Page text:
Drone traffic-management program selection for UAS integration
The new program focuses on managing drone traffic, a hefty undertaking that encompasses a series of tasks, including flight planning, separation, weather services, and communication.
The drone industry groups these functions under the label “UAS traffic management,” or UTM; the UTM Pilot Program is run by the Federal Aviation Administration (FAA) to shepherd these technologies from the research phase toward commercial implementation.
The Mid-Atlantic Aviation Partnership (MAAP) was one of three test sites selected for a slot in the program, along with North Dakota’s Northern Plains UAS Test Site and the Nevada UAS Test Site Smart Silver State program. MAAP will be participating in the program alongside a roster of commercial partners.
A growing number of industries are finding applications for drones in their work, a trend projected to intensify as FAA regulations gradually expand to permit a broader range of commercial operations. The resulting influx of small, low-altitude aircraft into the national airspace will require an alternative to the traditional air-traffic management system the FAA maintains for manned aircraft, which isn’t designed to handle the volume or the unique demands of unmanned air traffic.
Anticipating those needs has spurred efforts to develop a dedicated approach to unmanned traffic management. UTM systems are designed to coordinate multiple concurrent drone operations, automatically handling functions like flight planning, weather services, and communication.
The UTM Pilot Program is the latest phase of a multiyear effort to develop and implement this technology. NASA shouldered the initial stages of the initiative and sponsored research executed by the federal drone test sites; MAAP has conducted three rounds of increasingly complex testing under the program.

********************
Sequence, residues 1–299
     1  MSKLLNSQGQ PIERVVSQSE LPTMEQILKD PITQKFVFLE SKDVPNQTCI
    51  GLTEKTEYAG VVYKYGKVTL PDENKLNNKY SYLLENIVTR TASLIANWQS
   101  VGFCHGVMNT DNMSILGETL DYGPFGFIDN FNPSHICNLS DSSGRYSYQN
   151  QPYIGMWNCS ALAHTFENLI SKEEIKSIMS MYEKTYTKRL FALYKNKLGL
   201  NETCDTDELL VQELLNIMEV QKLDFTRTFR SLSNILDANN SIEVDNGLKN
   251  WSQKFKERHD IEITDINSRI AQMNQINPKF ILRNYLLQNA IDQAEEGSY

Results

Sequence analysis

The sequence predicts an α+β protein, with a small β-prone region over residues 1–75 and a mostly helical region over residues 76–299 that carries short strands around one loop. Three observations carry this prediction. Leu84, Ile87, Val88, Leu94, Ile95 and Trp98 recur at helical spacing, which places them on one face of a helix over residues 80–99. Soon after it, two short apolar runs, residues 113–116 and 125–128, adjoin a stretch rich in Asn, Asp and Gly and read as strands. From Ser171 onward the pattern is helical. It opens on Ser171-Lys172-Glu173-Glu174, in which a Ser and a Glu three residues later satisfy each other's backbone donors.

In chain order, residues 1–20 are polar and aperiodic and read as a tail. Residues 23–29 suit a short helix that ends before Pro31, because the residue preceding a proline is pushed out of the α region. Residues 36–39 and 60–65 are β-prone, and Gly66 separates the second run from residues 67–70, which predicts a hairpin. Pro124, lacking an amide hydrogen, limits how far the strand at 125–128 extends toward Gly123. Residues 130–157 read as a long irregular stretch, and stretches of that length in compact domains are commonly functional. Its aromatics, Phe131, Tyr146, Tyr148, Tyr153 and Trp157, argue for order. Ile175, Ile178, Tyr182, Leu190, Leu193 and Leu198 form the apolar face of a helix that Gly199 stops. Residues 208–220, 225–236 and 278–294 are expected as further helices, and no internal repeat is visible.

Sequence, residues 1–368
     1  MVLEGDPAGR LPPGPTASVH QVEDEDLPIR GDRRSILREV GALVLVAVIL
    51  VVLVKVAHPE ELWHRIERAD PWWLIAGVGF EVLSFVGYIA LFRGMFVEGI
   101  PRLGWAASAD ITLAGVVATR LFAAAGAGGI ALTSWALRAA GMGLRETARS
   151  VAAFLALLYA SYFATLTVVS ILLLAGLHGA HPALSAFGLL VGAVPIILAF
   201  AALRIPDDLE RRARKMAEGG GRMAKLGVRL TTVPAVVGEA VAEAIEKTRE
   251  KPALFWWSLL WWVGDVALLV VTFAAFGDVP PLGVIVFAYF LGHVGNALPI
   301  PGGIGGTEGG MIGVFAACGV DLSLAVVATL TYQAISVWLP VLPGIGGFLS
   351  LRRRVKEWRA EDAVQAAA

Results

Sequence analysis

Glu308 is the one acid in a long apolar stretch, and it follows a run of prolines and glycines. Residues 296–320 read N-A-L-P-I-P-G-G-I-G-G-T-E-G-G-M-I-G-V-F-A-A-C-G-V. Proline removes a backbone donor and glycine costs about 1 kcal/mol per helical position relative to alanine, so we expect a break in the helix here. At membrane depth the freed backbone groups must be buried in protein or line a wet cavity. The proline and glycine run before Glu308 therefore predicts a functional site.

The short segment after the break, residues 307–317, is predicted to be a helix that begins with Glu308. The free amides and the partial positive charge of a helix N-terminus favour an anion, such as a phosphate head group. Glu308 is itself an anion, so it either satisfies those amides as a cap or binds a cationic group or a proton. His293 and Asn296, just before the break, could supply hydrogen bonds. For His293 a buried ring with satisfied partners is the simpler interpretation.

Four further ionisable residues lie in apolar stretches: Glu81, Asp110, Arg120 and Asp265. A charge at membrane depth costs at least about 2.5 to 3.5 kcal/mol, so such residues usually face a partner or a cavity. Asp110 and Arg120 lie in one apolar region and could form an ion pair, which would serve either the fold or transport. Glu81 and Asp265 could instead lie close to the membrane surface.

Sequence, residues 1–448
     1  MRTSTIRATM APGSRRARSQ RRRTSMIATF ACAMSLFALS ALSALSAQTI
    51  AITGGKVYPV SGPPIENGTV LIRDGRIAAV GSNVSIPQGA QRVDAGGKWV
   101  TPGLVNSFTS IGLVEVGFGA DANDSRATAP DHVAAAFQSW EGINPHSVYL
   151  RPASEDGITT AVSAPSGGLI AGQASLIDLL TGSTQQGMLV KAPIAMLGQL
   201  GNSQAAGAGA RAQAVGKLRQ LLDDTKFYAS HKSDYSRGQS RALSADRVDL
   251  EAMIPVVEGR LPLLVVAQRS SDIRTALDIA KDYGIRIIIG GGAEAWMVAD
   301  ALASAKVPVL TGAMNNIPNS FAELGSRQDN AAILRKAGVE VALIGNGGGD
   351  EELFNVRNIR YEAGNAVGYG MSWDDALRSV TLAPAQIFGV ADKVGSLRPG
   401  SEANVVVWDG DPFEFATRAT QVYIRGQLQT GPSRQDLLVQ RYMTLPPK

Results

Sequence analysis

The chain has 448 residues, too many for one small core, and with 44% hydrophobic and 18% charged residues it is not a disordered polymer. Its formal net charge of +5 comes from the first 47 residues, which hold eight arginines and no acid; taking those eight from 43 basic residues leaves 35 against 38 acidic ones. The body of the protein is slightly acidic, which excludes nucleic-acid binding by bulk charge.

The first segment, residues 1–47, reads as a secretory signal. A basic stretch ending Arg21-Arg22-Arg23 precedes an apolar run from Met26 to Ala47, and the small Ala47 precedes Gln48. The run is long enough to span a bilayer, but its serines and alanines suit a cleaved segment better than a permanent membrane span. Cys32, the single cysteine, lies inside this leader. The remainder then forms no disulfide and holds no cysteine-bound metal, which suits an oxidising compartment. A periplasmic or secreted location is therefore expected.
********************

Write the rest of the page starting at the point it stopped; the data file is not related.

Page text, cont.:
Now, as drone traffic management edges closer to implementation, coordination of the UTM effort is shifting to the FAA, who will ultimately oversee its deployment. The three test sites selected for the program are charged with conducting a series of tests and demonstrations that will evaluate the maturity of the technology and yield data that can guide the FAA as they consider new policies and rules for drone use.
“Managing drone traffic means solving a whole set of complicated problems simultaneously, and we’ve spent the last several years working alongside NASA and our commercial partners to identify feasible solutions,” said MAAP director Mark Blanks. “Now, we’re seeing this work come to fruition as technology that has the potential to dramatically expand the industry.”
Unlike traditional air-traffic management, which is handled entirely by the federal government, UTM will constitute a partnership between industry and the regulator. Oversight will belong to the FAA, but the technology has been primarily developed by private companies, who have come together under the aegis of the federal test sites to evaluate how their systems perform in flight scenarios designed to simulate real-world conditions. The companies joining MAAP for the UTM Pilot Project include Airmap, AirXOS, ANRA Technologies, ASEC, senseFly, and Wing.
The tests, scheduled to start in the late spring, will incorporate traffic management systems from four companies. The ability for software from different providers to interact seamlessly is critical: for a variety of drones performing a range of missions to share the airspace safely, they must be able to communicate fluently. UTM is the medium for those interactions.
The sites chosen for the UTM Pilot Program were announced by U.S. Secretary of Transportation Elaine Chao during a presentation at the annual meeting of the National Transportation Research Board. Secretary Chao’s presentation also described proposed rules for drone operations over people, operations at night, and measures to augment security.
MAAP also leads a team in the UAS Integration Pilot Program, another FAA-DOT initiative; that program brings together companies, government organizations, and communities to develop the next generation of drone applications and draft a roadmap for integrating these aircraft into commerce and public service.
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